The DELIVER and B-PROTECTED Studies: Preventing HIV in Pregnant and Breastfeeding Women
Two Studies: Protecting Pregnant and Breastfeeding Women Against HIV
Both DELIVER and B-PROTECTED are Phase IIIb open-label studies. Phase IIIb studies are conducted after a product has already been shown to be safe and effective in Phase III trials. In Phase III trials, participants are randomly assigned to use either the active product or a placebo, which looks the same but contains no drug. There is no placebo in a Phase IIIb study. This means that all women in the DELIVER and B-PROTECTED studies will use an active product – either Truvada as daily PrEP or the monthly dapivirine ring.
Both studies are designed to learn about the safety of Truvada as PrEP and the dapivirine vaginal ring in the safest, most efficient way possible.
- DELIVER (MTN-042) will enroll 750 women at different times during pregnancy, who will use either the monthly dapivirine vaginal ring or Truvada as daily PrEP until the time they deliver. Their babies will be followed for one year after birth. The study will be conducted in a stepwise, backward fashion, beginning with women late in pregnancy. Of the 750 women who will be enrolled, 500 will use the vaginal ring. The study is the first to be conducted of the dapivirine ring during pregnancy.
- B-PROTECTED (MTN-043) will evaluate whether the dapivirine ring and PrEP are safe to use by women who are breastfeeding and will enroll up to 200 mothers and their breastfed babies between 6-12 weeks of age. Women will use their assigned product – PrEP or the dapivirine ring – for three months and be followed for an addition two weeks.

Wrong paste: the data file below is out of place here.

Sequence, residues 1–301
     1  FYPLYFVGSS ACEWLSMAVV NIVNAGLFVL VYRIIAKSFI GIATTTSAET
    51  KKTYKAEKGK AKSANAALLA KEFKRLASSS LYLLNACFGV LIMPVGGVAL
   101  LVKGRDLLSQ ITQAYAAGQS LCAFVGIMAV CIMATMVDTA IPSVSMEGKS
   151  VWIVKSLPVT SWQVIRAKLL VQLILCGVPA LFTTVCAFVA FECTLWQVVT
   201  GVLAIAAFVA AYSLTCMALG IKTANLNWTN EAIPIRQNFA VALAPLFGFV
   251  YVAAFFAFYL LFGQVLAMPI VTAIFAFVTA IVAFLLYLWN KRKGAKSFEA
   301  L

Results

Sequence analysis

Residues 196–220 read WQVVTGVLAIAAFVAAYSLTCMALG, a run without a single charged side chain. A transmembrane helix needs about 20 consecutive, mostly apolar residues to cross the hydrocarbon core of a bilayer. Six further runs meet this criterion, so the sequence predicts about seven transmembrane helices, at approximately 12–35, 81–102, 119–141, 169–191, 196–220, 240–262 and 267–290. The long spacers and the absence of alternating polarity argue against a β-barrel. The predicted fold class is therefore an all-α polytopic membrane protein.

Why oral PrEP and the dapivirine ring?
Oral PrEP using Truvada, which contains the ARVs emtricitabine and tenofovir disoproxil fumarate, is approved for HIV prevention in many countries, though a number of national programs have yet to decide whether to offer PrEP to pregnant and breastfeeding women. Most of the information about the safety of Truvada in these populations is among women who are living with HIV and using Truvada as part of a treatment regimen. It is based primarily on these data that the World Health Organization recommends Truvada as PrEP during pregnancy and breastfeeding, while also acknowledging the need for more information about its safety in HIV-negative women.
PrEP demonstration projects in which women who become pregnant may choose to continue using PrEP, are beginning to provide additional insight. Observational data from these studies, though limited, suggest no safety concerns. Only DELIVER and another study called IMPAACT 2009 are designed specifically to evaluate safety of PrEP during pregnancy. IMPAACT 2009 is taking place in the same countries and trial sites as DELIVER and will enroll up to 350 pregnant adolescents and young women ages 16-24.
The dapivirine ring, which is used for a month at a time, contains the ARV dapivirine. Unlike Truvada, dapivirine is a new drug entity not used in the treatment of HIV. The dapivirine ring is made of flexible silicone that slowly releases dapivirine during the month that is worn. Women can insert and replace the ring themselves. In 2016, two large clinical trials — , conducted by the MTN, and The Ring Study, led by the International Partnership for Microbicides (IPM), a non-profit organization that developed the dapivirine ring — found the ring was well-tolerated and helped reduce the risk of HIV by approximately 30 percent. More recently, in 2019, results of two open-label extension studies -- for former ASPIRE participants and DREAM for former Ring Study participants – suggested higher adherence – indicating women want and will use the ring – and safety findings consistent with the Phase III trials. Together, results also suggest greater reduction in HIV risk (about 50 percent) compared with the Phase III studies.